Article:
The man whose name graces the stadium that houses Roseburg’s Legion Field is remembered fondly by those who knew him.
Bill Gray spent 34 years as a member of the Roseburg Legion Commission, serving as chairman for many of those years. He played a pivotal role in bringing the American Legion World Series to Roseburg in 1974, 1993 and 1996.
Gray spearheaded efforts to repair the wooden Legion Field grandstands, which were heavily damaged in the 1964 floods. Gray received donations from the community, and the grandstands were rebuilt in 1969 and done by the start of the 1970 season.
Gray was the recipient of the Rollie Truitt Baseball Award in 1994, honoring those who work behind the scenes.
Gray, who retired after the Legion World Series in 1996, died on Oct. 21, 2001, at a Corvallis nursing home. He was 80.
“Bill was a goer,” remembered Tom Donegan, who has been on the Legion commission for 15 years. “He was extremely well-connected and was really able to get things done. He was a heck of a guy and really nice to me. I know he intimidated some people, but he didn’t tolerate fools.”
“What you see is what you get,” Ralph Lesh, who was a longtime Legion commissioner before passing away in 2007, told The News-Review. “Bill’s a people person. He’s very sincere, and enjoys people of all kinds.”
Dan Withers was the head coach of Dr. Stewart’s for nine seasons, from 1977-81 and 1984-87. He compiled a record of 312-170, guiding the Docs to four state titles and a World Series appearance in 1984.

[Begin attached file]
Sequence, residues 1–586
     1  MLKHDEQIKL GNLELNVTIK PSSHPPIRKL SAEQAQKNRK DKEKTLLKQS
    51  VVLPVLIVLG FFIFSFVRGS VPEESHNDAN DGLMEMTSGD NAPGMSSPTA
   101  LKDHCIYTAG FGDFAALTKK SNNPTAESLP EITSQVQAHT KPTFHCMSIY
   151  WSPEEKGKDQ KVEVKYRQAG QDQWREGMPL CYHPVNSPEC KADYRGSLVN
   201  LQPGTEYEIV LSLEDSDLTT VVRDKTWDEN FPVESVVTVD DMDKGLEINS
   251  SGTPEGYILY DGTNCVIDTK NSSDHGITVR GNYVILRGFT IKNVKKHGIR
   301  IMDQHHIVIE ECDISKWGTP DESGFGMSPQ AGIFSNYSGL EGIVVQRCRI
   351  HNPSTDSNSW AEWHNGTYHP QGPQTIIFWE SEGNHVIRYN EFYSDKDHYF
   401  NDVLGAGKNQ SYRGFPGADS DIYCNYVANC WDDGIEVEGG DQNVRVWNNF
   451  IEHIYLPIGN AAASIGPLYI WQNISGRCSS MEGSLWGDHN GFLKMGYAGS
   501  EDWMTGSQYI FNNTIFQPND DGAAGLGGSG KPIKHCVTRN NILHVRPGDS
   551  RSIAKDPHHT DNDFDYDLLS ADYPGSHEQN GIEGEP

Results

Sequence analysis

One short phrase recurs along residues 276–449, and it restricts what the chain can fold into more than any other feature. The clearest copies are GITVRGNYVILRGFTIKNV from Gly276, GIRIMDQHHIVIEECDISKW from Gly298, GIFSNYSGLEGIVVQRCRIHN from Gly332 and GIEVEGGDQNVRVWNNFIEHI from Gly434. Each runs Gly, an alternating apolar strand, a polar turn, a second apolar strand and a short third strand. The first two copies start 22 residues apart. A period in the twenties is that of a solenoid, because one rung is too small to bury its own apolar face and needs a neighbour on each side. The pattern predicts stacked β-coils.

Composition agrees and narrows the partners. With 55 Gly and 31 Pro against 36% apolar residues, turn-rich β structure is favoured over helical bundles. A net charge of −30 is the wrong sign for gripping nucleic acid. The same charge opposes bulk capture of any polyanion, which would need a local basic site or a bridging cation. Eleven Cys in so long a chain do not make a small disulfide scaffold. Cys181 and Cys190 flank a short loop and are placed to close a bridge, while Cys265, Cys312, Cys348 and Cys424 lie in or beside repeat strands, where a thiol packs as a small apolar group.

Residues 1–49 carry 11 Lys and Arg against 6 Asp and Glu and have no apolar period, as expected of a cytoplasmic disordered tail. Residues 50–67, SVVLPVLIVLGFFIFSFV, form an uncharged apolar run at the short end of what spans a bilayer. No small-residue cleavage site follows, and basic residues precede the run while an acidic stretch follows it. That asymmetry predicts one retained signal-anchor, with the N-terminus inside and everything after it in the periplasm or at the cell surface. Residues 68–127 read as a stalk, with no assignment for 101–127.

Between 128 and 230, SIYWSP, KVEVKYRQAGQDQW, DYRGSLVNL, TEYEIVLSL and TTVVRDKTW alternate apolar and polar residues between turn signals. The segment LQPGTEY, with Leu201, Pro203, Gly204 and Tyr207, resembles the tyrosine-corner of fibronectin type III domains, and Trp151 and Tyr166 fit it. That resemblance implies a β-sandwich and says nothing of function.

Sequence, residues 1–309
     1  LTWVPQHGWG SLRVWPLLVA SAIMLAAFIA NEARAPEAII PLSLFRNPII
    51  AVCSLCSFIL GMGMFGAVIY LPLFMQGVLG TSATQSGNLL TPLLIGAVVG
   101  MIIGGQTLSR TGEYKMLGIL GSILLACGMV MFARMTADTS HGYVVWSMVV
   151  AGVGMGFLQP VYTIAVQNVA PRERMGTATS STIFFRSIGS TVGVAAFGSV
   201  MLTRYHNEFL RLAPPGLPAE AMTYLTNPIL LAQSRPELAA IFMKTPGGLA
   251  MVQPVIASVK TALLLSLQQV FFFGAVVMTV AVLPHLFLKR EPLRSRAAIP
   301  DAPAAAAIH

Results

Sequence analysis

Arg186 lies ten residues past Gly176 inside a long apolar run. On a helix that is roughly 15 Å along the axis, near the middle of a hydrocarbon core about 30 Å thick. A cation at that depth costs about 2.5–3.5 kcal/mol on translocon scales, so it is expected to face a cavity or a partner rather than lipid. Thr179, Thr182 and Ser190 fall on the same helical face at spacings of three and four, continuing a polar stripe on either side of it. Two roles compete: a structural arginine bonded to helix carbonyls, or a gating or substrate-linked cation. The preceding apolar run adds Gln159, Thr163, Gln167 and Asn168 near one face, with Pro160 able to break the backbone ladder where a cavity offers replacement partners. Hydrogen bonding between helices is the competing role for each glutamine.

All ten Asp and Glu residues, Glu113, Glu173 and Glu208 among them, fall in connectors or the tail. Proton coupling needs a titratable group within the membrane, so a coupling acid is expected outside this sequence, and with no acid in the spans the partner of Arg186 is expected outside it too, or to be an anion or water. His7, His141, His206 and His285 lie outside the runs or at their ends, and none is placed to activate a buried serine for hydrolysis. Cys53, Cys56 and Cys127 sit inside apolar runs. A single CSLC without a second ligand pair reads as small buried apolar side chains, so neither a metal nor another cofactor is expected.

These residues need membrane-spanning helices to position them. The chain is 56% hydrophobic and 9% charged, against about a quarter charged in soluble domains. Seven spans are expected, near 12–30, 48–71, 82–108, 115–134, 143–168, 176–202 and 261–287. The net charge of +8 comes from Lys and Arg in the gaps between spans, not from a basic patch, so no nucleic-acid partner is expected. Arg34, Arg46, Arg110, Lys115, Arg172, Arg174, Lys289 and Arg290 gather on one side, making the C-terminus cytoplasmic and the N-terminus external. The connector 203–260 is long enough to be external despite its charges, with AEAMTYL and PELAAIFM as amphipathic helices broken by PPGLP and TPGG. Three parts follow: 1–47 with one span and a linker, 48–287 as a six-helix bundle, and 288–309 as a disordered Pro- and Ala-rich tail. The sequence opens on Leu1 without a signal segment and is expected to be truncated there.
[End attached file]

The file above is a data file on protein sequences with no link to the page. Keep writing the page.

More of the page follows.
“Bill Gray was absolutely a first class individual,” said Withers. “He was calm, cool and collected ... had a warm personality, whoever he was dealing with. He had a knack for calming waters, so to speak, if the waters were rough.
“It’s appropriate the stadium is named after Bill. You couldn’t find nicer people than Bill and Charlotte Gray.”
The World Series proved to be a big hit in Roseburg. The 1993 ALWS (won by Rapid City, South Dakota) drew 34,306 fans, while 38,836 watched in ’96 (won by Yardley, Pennsylvania). Both were ALWS attendance records at the time.
Gray, the son of Noble and Freedia Gray, was born on Dec. 1, 1920, in Auburn, Indiana. He served in the South Pacific with the U.S. Navy during World War II. Bill married Charlotte Hundley in Louisville, Kentucky, on March 15, 1947.
Bill and Charlotte were married 54 years. Charlotte, 93, currently resides at Timberhill Place, an assisted living community in Corvallis.
“Bill loved it,” Charlotte Gray said of his time with the Legion program. “My husband liked people. You have to have some people who’ll put their heart and soul into it, and he had good people around him.”
Charlotte Gray added her husband enjoyed singing “Take Me out to the Ball Game” during the seventh inning of games.
Bill Gray was a member of the Roseburg Park and Recreation Commission, and was selected Roseburg’s First Citizen in 1971. He was past president of the Roseburg Kiwanis Club and a member of the Roseburg Elks.
The Grays lived in Roseburg for 53 years.
“Dad lived and died with that (Legion) program,” said Chris Gray, one of Gray’s three children who graduated from Roseburg High.
Former Douglas County Commissioner Mike Winters, who still serves on the Legion Commission, called Gray “Mr. American Legion Baseball” following his death.
“That whole program evolved around him,” Winters told The News-Review. “He knew about the grass and the hot dogs and the equipment. He loved that part and the young men who played baseball there.”
Gray, who got a spot on the Legion commission in 1962, certainly left his mark.
“It was a nice program, a good program, exciting,” Gray told The News-Review in 1996. “I’ve always felt that, by golly, if you live in a community you should give something back. Roseburg has been good to me and Charlotte, and that’s my way of payback.”